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Fibrocystic breast symptoms, swollen lymph nodes, or something else?

By Anonymous March 26, 2010 - 11:24am
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Short history count: I've always had tender, sore breasts that feel like there are oblong lumps making up all the tissue in my breasts, but all the lumps are present and of exact same size and place in both breasts. Its been that way since I was a teen, and my mom was told that she had fibrocystic breasts. I am also small breasted. New stuff: I've noticed recently that the pain has gotten worse and the areas that are painful, the undersides and outsides, feel hard (as opposed to where it doesn't hurt and the tissue feels soft). I've always been somewhat unfeeling in my breasts, especially the nipples, but I have a spot near the nipple (exactly the same spot on both breasts) that seems to have some mild numbness (i can feel the ridges of the skin of my fingers but I can't feel the nails digging down). I don't have any discharge and I cant find any bumps per say. My breasts only hurt when pressed into or bounce. It doesn't seem to always be affected by menstraution.

I haven't found much new info online except that I may have 2 much soy, salt, or stress.
Sorry this was so lenghty!

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Not that my opinion counts for much, I would say have a diagnostic mammogram done; no matter how old you are. I think you will see you have some calcifications in your breast tissue which is most likely what you are feeling. A good gyn will also be helpful but I encourage you to keep a journal with a diagram of what you feel and when. Also make notations of where you are in your cycle. And lastly, document when you are having pain and what you were doing. Hopefully, this will help you make some connections to either food or activity.

October 28, 2010 - 4:49pm


You didn't mention how old you are; have you started having your own annual pap smears and pelvic exams yet? Have you ever had a doctor examine your breasts?

All of your symptoms are consistent with fibrocystic breasts. Here's what the Mayo Clinic says about it:

"Fibrocystic breast changes are very common. Women with this noncancerous (benign) condition often experience lumpy, painful breasts. Although once called fibrocystic breast disease, the condition is so common — especially in premenopausal women — that most experts now refer to the condition as fibrocystic breast changes.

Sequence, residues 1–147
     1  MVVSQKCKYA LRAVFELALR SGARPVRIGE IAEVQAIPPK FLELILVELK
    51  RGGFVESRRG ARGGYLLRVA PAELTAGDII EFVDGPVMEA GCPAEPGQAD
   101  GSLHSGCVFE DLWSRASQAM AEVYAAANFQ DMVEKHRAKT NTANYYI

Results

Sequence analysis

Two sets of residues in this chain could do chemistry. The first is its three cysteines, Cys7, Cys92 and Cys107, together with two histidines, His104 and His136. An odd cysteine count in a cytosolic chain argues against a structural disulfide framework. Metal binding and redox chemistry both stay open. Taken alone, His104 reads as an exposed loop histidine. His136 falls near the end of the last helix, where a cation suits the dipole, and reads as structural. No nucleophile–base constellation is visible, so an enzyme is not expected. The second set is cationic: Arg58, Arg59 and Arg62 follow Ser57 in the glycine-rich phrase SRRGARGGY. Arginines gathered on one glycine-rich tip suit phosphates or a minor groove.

"The cause of fibrocystic breast changes isn't completely understood. But the condition is likely associated with hormone fluctuations during a woman's menstrual cycle. Signs and symptoms, which typically worsen right before menstruation, include:

--Dense, lumpy breast tissue
--Feeling of fullness in the breasts
--Pain and tenderness that tends to be generalized and may radiate to the underarm
--Nipple discharge that's often greenish brown in color
--Breast cysts that are identified on breast ultrasound
--Although fibrocystic breast changes don't increase your risk of breast cancer, having lumpy and tender breasts may make it more challenging to do breast self-exams. For this reason, it's important to familiarize yourself with how your breasts normally feel and monitor for any changes.

"If you choose to perform breast self-exams, schedule them for a week after your period ends — when hormonal fluctuations decrease and breast tissue feels less lumpy and tender. Also, review your technique with your doctor to ensure that you're doing the exam correctly. Dense breast tissue may make it more difficult to detect abnormal lumps."

You're to be commended for doing breast self-exams and for knowing what's new and different about your body. And while it sounds like these changes can just be due to fibrocystic breasts, it's never bad to have something checked out that just doesn't feel right to you.

It's good news that you are feeling the same thing in both breasts. It would be more worrisome if you found a lump or ridge in one breast that you didn't find in the other.

Here's one page that talks about treatment, including things you can do yourself:


Here are their tips:

--Avoiding caffeine, cola, and chocolate and making other dietary changes
--Taking a supplement containing 3,000 mg of evening primrose oil and 200 to 400 units of vitamin E each day
--Using over-the-counter pain medications such as ibuprofen, acetaminofen or aspirin
--Taking prescription medications, such as bromocriptine or danazol
--Using oral contraceptives or, if already taking them, adjusting the dose
--Stopping or reducing hormone therapy for postmenopausal women
--Reducing dietary salt, especially one to two weeks prior to the period
--Wearing a bra that gives good support, especially if exercising or breasts are large
--Applying heat with a heating pad or warm water bottle

Does this help?

March 29, 2010 - 10:23am
EmpowHER Guest
Anonymous (reply to Diane Porter)

No, not really but thank you for your time. :)

March 29, 2010 - 9:15pm
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